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New Zealand doctor granted fellowship at leading heart hospital

Dr Becky Liao is to spend a year at one of the world’s top heart hospitals, funded by a Heart Foundation Fellowship. While there she will carry out research investigating the link between heart rhythm problem atrial fibrillation and leaky heart valves.

Young, Chinese woman Becky Liao, standing in front of a large colourful poster displaying graphs and statistical medical information

The Heart Foundation has awarded an Overseas Training and Research Fellowship to Middlemore Hospital’s Dr Becky Liao. She will head to the renowned Cleveland Clinic in Ohio, USA to get specialist heart training and undertake new research that delves further into a little understood link between a heart valve problem and a common heart rhythm issue.

Becky’s interest in the heart was sparked during her first placement as a junior doctor, which was on the cardiology wards at Waitakere Hospital.

“It was an amazing experience,” she recalls. “All the people in the department were very approachable and knowledgeable and they became my role models. And then I just wanted to really be able to make a difference in my community. It’s one of the areas of practice that is most evidence-based and I really like that.”

And it was some of those same colleagues who, in part, encouraged Becky to apply for the fellowship at the Cleveland Clinic.

“I have many colleagues who have previously been to Cleveland and studied there with their fellowships, and had such positive experiences,” she says. “At the same time many large research projects are initiated from the States. They have more experience and greater resource. Plus, it’s an opportunity to learn a different style of practicing cardiology in a different part of the world.”

Researching link between atrial fibrillation and leaky heart valves

While at the Cleveland Clinic, Becky will undertake research to further investigate the link between the common heart rhythm problem atrial fibrillation (AF) and leaking heart valves, also called regurgitation.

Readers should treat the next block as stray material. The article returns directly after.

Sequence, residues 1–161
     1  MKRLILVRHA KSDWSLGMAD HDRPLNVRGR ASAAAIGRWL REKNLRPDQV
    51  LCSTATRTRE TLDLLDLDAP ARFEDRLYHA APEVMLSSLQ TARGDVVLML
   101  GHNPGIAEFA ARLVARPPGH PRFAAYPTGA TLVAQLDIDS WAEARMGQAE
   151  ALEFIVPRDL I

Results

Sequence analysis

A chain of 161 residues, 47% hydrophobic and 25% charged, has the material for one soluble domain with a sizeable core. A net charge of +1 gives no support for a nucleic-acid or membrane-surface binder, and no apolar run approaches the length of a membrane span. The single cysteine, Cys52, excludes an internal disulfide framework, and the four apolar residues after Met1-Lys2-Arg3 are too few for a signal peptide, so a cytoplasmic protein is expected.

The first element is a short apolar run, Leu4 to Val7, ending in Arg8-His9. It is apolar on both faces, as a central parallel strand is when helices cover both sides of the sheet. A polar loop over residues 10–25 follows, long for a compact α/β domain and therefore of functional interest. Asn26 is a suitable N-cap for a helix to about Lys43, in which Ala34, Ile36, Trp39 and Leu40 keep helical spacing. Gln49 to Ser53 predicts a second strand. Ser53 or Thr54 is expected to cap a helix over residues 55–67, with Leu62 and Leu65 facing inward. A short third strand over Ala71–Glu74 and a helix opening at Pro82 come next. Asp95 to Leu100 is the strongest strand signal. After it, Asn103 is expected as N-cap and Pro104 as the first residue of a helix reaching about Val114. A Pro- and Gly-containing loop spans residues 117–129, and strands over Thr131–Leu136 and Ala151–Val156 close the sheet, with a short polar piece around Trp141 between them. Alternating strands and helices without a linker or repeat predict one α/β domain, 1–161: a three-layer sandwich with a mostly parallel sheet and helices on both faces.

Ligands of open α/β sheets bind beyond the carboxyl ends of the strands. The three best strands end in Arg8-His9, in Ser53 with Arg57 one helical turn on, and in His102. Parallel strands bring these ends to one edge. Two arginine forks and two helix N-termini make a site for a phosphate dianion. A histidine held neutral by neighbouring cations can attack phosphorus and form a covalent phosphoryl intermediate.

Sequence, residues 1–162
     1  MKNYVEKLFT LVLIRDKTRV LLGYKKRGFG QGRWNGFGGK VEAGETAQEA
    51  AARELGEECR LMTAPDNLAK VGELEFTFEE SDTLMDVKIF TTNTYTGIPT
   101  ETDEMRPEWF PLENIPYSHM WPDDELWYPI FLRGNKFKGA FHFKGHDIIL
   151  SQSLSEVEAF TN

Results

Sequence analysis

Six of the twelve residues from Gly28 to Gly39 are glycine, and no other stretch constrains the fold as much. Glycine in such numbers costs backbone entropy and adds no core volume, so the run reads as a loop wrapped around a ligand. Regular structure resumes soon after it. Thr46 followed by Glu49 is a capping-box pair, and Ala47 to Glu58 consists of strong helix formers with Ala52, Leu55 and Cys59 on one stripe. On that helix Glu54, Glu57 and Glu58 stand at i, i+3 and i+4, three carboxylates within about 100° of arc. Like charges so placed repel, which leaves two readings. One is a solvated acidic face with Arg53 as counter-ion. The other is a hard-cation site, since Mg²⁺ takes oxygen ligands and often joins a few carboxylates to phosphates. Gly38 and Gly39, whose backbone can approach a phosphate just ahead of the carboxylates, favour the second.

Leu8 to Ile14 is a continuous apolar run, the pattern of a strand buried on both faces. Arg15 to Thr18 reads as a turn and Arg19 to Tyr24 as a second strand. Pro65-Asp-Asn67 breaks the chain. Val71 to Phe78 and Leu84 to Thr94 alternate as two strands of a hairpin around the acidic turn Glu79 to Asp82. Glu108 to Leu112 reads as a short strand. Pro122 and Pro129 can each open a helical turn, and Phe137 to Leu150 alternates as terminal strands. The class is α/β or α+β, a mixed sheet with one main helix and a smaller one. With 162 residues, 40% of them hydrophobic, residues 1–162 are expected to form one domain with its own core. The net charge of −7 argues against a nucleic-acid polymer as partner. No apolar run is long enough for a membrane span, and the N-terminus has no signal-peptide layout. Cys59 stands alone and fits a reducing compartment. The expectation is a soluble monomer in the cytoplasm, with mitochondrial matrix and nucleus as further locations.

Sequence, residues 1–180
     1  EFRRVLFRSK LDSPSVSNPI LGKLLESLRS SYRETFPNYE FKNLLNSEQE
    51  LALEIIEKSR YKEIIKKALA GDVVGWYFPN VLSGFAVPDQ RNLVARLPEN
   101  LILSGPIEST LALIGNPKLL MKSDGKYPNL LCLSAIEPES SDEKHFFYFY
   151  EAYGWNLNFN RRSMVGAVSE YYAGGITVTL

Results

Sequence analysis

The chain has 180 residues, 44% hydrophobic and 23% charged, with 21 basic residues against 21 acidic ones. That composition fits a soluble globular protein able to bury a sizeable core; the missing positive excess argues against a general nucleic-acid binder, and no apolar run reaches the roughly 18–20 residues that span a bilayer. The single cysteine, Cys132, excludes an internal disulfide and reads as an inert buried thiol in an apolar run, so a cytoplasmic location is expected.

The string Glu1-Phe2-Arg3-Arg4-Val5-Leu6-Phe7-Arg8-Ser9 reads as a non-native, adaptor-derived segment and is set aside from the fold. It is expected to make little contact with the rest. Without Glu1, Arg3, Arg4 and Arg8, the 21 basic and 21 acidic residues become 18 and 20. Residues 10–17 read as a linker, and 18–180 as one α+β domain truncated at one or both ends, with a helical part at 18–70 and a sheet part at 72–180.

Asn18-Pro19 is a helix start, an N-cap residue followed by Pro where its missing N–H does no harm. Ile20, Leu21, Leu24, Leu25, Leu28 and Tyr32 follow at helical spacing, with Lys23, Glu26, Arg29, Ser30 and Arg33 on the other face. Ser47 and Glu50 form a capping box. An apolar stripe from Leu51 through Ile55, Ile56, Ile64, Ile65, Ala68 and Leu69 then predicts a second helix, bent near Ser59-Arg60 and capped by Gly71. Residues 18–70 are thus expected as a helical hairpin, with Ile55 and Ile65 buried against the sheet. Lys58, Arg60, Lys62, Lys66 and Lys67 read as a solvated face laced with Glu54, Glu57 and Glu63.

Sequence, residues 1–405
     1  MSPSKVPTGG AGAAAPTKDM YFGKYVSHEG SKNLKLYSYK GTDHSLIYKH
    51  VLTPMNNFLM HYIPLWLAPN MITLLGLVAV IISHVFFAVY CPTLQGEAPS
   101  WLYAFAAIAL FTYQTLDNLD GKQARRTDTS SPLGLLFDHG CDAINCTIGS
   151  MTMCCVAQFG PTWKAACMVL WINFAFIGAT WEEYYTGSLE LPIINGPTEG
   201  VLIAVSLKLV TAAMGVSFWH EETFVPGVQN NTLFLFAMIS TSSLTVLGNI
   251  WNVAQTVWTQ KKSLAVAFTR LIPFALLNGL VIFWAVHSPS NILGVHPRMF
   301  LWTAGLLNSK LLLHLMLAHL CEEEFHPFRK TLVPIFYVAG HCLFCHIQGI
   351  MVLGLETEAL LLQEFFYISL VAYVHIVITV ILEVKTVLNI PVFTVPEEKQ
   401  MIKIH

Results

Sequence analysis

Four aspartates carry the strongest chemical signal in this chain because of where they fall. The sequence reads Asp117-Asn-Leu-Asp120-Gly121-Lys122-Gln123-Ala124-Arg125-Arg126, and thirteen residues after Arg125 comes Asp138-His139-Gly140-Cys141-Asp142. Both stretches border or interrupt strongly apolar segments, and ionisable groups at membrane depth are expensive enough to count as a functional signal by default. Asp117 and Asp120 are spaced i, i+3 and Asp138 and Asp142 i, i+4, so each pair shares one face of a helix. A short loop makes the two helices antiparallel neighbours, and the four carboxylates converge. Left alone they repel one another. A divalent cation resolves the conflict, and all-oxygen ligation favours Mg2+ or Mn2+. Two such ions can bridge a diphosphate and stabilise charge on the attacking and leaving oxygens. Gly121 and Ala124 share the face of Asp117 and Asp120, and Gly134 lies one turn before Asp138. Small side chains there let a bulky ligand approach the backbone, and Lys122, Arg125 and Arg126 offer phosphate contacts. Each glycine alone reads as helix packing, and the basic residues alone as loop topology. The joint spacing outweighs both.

Heart valves normally work like doors to stop blood flowing the wrong way through the heart, but sometimes they become damaged and blood leaks in the wrong direction.

In particular, Becky will look at the two valves that connect the upper and lower chambers of the heart.

She hopes to assess a large group of patients having an AF treatment called ablation, a procedure that creates tiny scars on the heart tissue to stop irregular heart rhythms occurring. She will investigate how likely these patients are to have leaky valves, and whether the valve problem impacts on the success of the treatment.

“It may highlight the need for proactive screening and surveillance with heart ultrasound to identify and monitor valve problems, and more aggressive medical and catheter-based therapies for AF patients with this problem,” Becky adds.

Bringing research knowledge back to New Zealand

Carrying out the research at the Cleveland Clinic will give Becky the ability to analyse the problem in a larger cohort of people. However, her long-term goal is to bring her knowledge back to New Zealand to carry out further research specific to the local population.

“I think identifying the burden of the problem will help us emphasise the importance of early and correct intervention for these patients who, without it, can develop major co-morbidities,” says Becky.

“It will help us to identify the size of the problem in our population and whether we’re correct in our hypothesis that patients with greater severity of valve regurgitation are less likely to have successful outcomes with AF.

“I just want to thank the Heart Foundation for this opportunity to provide me with the resource to further my skills and knowledge overseas,” Becky adds. “It’s a really amazing opportunity.”